• Lamotrigine. FDA approved for prophylaxis against Bipolar I disorder. Typical brand names for lamotrigine include Lamictal.

  • Olanzapine. This class of drugs help bipolar disorder due to their high affinity as antagonists for dopamine D2 receptors. FDA-approved for acute mania maintenance monotherapy in Bipolar I. Typical brand names for olanzapine include Zyprexa.

  • Aripipraizole. This class of drugs help bipolar disorder due to their high affinity as antagonists for dopamine D2 receptors. FDA-approved for acute mania and maintenance monotherapy in Bipolar I. Typical brand names for aripiprazole include Abilify.

  • Chlorpromazine. This class of drugs help bipolar disorder due to their high affinity as antagonists for dopamine D2 receptors. FDA-approved for acute mania.. Typical brand names for chlorpromazine include Clozaril.

  • Risperidone. This class of drugs help bipolar disorder due to their high affinity as antagonists for dopamine D2 receptors. FDA-approved for acute mania. Typical brand names for risperidone include Risperdol.

  • Quetiapine.This class of drugs help bipolar disorder due to their high affinity as antagonists for dopamine D2 receptors.  FDA-approved for acute mania, bipolar depression, and maintenance therapy adjunctive to lithium or divalproex. Typical brand names for quetiapine include Seroquel

  • Ziprasidone. This class of drugs help bipolar disorder due to their high affinity as antagonists for dopamine D2 receptors. FDA-approved for acute mania. Typical brand names for Ziprasidone include Geodon.

Therapy

 

Counseling therapy can help improve bipolar symptoms by helping you develop skills to more effectively deal with the thoughts and feelings you are having. These therapies consist of:

  • Cognitive behavioral therapy. This type of therapy will help you cope better with symptoms by teaching skills specific to management of organization, patterns of thinking, and behavioral patterns.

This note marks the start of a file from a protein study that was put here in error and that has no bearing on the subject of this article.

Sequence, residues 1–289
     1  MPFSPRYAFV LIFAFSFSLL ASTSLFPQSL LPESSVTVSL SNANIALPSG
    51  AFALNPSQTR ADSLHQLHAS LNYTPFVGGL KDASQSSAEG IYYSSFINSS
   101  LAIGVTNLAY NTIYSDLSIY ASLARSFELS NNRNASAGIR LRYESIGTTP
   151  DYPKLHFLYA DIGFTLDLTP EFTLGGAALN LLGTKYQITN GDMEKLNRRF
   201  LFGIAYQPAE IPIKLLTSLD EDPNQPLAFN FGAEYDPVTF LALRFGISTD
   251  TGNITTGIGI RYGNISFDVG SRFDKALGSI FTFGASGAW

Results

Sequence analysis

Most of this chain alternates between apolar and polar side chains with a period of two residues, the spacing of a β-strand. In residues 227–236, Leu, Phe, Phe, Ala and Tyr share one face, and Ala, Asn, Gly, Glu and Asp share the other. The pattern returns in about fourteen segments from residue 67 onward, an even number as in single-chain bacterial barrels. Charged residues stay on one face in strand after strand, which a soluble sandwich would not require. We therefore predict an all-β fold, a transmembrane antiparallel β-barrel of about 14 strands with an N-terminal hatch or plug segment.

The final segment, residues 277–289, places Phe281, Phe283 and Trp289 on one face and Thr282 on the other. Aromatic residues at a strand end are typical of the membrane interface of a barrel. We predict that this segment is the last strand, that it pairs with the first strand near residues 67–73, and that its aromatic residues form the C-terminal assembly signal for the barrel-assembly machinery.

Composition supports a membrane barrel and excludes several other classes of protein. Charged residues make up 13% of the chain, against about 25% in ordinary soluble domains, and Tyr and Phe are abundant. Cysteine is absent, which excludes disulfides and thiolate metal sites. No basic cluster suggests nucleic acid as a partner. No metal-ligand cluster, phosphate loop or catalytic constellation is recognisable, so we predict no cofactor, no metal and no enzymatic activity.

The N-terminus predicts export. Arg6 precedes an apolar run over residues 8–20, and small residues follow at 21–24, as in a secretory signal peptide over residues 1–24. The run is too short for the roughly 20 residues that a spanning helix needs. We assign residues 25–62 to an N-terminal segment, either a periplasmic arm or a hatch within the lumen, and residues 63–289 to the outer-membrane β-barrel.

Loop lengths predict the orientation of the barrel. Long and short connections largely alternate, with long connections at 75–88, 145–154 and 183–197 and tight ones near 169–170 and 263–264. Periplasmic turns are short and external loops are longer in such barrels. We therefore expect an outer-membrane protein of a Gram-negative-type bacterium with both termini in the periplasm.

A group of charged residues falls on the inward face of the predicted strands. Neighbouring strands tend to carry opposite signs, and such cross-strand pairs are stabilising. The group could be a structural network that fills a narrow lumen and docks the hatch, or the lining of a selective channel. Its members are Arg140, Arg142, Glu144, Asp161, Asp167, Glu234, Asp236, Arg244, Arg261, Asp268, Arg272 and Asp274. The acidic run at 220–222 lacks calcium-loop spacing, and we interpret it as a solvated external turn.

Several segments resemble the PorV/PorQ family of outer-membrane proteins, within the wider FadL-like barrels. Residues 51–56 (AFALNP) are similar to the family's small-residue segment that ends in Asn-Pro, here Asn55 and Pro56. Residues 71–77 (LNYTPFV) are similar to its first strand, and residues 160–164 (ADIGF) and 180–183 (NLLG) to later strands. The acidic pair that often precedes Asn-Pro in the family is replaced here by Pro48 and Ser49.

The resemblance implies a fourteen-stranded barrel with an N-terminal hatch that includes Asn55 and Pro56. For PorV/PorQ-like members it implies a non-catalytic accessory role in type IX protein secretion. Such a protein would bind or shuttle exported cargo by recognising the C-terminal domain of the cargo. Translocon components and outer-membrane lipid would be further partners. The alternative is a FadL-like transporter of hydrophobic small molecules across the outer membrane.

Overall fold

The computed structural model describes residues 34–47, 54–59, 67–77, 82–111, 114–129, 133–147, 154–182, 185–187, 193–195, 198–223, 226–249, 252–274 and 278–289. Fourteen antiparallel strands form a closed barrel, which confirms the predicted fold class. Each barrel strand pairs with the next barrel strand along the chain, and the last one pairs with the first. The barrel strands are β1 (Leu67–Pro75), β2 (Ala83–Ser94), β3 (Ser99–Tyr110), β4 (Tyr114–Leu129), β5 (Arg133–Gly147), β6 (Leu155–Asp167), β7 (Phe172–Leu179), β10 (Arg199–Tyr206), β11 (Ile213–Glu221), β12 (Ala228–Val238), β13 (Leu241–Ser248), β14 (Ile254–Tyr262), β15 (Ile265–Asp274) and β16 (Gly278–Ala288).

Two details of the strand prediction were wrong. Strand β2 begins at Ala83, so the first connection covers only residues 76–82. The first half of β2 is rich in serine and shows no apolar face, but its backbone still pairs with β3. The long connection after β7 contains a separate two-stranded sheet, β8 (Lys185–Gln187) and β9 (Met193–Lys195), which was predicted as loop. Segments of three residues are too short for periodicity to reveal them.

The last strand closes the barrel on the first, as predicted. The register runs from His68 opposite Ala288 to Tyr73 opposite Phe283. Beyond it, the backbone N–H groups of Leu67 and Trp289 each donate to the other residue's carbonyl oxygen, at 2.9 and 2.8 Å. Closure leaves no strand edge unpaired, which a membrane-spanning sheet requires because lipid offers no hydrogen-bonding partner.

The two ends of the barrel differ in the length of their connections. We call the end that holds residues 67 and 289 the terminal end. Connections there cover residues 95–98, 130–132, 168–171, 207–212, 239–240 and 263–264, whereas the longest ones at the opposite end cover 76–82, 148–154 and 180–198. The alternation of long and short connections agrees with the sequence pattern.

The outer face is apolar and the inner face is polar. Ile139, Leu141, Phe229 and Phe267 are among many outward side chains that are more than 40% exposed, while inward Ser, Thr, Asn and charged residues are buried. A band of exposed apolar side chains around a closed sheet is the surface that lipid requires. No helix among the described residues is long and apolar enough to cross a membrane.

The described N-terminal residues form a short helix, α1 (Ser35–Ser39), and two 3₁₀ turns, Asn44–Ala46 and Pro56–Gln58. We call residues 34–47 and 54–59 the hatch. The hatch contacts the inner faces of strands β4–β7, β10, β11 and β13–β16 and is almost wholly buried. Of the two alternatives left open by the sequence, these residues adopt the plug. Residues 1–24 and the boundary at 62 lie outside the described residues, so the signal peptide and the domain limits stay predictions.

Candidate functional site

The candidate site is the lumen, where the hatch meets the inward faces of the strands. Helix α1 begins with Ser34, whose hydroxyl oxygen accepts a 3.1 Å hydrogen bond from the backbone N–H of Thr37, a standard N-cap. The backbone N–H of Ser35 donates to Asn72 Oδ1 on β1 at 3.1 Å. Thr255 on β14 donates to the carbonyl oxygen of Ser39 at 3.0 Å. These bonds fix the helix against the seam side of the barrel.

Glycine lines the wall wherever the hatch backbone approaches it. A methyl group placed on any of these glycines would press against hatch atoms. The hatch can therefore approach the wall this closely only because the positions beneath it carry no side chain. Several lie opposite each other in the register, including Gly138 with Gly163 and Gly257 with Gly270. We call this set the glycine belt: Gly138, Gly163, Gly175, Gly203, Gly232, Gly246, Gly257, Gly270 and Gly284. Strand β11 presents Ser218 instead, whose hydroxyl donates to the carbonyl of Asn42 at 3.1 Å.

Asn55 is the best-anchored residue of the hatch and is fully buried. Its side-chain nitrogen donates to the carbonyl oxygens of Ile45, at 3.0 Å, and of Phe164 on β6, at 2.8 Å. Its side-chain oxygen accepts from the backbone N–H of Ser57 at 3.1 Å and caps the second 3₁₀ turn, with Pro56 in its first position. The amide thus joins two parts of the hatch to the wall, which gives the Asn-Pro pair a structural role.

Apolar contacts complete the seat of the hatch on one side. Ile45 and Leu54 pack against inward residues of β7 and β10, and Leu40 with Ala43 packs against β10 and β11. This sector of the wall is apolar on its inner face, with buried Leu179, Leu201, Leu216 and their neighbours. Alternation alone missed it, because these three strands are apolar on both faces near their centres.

• Family therapy. Because many people with bipolar disorder encounter loved ones, family members, and spouses who are unfamiliar with this disorder, this therapy can help them overcome the stress associated with living with someone who struggles with bipolar symptoms. 

  • Music therapy. This therapy utilizes music to help relax an individual to enhance their mood. Music therapy activates  cognitive, motor, and speech centers in the brain to help improve overall functioning.

  • Talk therapy. This type of therapy employs a variety of techniques to help a person better deal with thoughts and behaviors.

  • Interpersonal therapy. IPT is a type of therapy that focus on personal relationships and how you feel. It is a short-term, intensive therapy.

  • Integrative therapy. This therapy approach takes aspects from different therapy types to create a personal therapy to best treat the presenting problem.

Treatment Resistant Modalities

 

If you go through therapy and several medications without significant improvement of your symptoms related to your bipolar disorder, your provider may suggest treatments reserved for people who don’t respond to traditional approaches. The good news is that most people will respond positively with medication and counseling therapy management. Treatment of depression in people that don’t respond to traditional methods  include:

 

  • Electroconvulsive therapy (ECT)

  • Trans Magnetic Stimulation (TMS)